fcm2 - catch me if you can!
What's new:
+ Added dynamic mixer
+ Switched to pseudo order-2 (12-bit context)
+ Fixed wrong definition of _CRT_DISABLE_PERFCRIT_LOCKS
+ Optimized compile
fcm2.zip
fcm2 - catch me if you can!
What's new:
+ Added dynamic mixer
+ Switched to pseudo order-2 (12-bit context)
+ Fixed wrong definition of _CRT_DISABLE_PERFCRIT_LOCKS
+ Optimized compile
fcm2.zip
Thanks Ilia!
Mirror: Download
http://shelwien.googlepages.com/cm200805.htm updated again
Ah, btw.
Please use c/d commands instead of e/d in next fpaq-like coders.
Because I had to patch out the argv[1] checks in fcm1 and fcm2
original executables as it was easier than making a separate test
script for it.
Well, add "-" there or something.
I mean ( (argc!=4) || ((-argv[1][0]&254)!=156) )
I also prefer c/d.Originally Posted by Shelwien
Here's my own speed optimised compile for Pentium 3 or later processors. This version also includes Shelwien's mod.
ENJOY!
http://shelwien.googlepages.com/cm200805.htm updated again
No luck
Thanks Shelwien!
I'm surprised that its not as quick as the original compile on your machine. Compression of ENWIK8 was several seconds faster on my Sempron 2400+ machine.
Quick test on my Pentium 3 @750 Mhz, Windows 2000 SP4 machine...
Test File: ENWIK8 (100,000,000 bytes)
fcm2
Compressed Size: 41,157,683 bytes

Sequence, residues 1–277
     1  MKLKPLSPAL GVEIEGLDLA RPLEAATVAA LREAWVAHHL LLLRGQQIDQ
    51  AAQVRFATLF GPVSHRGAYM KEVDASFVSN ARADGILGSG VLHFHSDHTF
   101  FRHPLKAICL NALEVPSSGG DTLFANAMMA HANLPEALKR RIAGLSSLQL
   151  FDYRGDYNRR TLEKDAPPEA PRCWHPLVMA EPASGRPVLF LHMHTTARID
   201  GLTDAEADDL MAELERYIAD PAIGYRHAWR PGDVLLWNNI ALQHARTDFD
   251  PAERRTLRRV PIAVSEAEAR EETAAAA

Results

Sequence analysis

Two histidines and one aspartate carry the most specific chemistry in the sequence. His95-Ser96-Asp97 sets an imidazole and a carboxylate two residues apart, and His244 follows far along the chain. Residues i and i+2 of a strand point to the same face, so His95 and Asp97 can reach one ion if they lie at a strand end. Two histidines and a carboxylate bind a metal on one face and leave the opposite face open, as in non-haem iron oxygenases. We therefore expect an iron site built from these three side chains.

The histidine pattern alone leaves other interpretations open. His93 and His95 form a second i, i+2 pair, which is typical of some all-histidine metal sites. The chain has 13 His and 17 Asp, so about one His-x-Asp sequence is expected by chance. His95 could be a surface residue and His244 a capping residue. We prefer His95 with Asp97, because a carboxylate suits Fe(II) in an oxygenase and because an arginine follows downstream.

Compression Time: 147.17 Seconds
00 Days 00 Hours 02 Minutes 27.17 Seconds
fcm2p3
Compressed Size: 41,157,683 bytes
Compression Time: 137.14 Seconds
00 Days 00 Hours 02 Minutes 17.14 Seconds
I beleive such results are possible only on old-school machines. On modern PCs the results are opposite:
ENWIK8:
fcm2 - 22 sec.
fcm2p3 - 24 sec.
And again looking at processing time on your machine I'm crying...
MC SFC test...
A10.jpg > 835,804
AcroRd32.exe > 1,807,692
english.dic > 973,857
FlashMX.pdf > 3,883,671
FP.LOG > 4,502,965
MSO97.DLL > 2,139,028
ohs.doc > 1,253,019
rafale.bmp > 1,036,125
vcfiu.hlp > 1,219,774
world95.txt > 1,232,676
Total = 18,884,611 bytes
I hope to see more people testing this compressor.
A small update - fcm2a - added an extra context to the mixer:
http://encode.su/downloads/fcm2a.zip
Thanks Ilia!
These are redundant. Just remember the mixer's outputs within the predictor and pass them to the mixer's update functions.Code:class TMixer { private: int wt; int x1; int x2;
And your weights should be unsigned bytes or words - i'm sure there is no speed penalty.
I'm just too lazy...
I already did it anyway.
Here's my own speed optimised compiles. One for Pentium Pro or later, the other for P3 or later.
ENJOY!
Here's my own speed optimised compile of Shelwien's "fcm2sh4". One for Pentium Pro or later, the other for P3 or later.
ENJOY!
Thank you!
Interpretation of this type of mixer:
dH/dw = d/dw -ln( (1-y) + (2*y-1)*P1) )Code:void Update(int y) { if (y?x2>x1:x2<x1) // y==1 && p2-p1>0 || y==0 && p2-p1<0 -> sgn(2*y-1)*sgn(p2-p1) > 0 wt+=(wt<63); else // y==1 && p2-p1<0 || y==0 && p2-p1>0 -> sgn(2*y-1)*sgn(p2-p1) < 0 wt-=(wt>32); }
= 1/((not y) - P1) * (p2-p1)
with
P1 = (1-w)*p1 + w*p2 = p1 + (p2-p1)*w
The weight update in conjugate gradient direction is:
w(k+1) = w(k) + d
w(k+1) = w(k) - c * dH/dw, 0 < c < 1 (step length)
So the "direction" d is given by:
sgn(-dH/dw) = sgn(p2-p1) / sgn(P1 - (not y)) = sgn(p2-p1)*(2*y-1)
sgn(p2-p1)*(2*y-1) > 0 -> y==1 && p2-p1>0 || y==0 && p2-p1<0 -> d > 0
sgn(p2-p1)*(2*y-1) < 0 -> y==1 && p2-p1<0 || y==0 && p2-p1>0 -> d < 0
This mixer approximates -c*dH/dw as sgn(p2-p1)*(2*y-1).
During some communication with encode i showed some code for this and a approximation: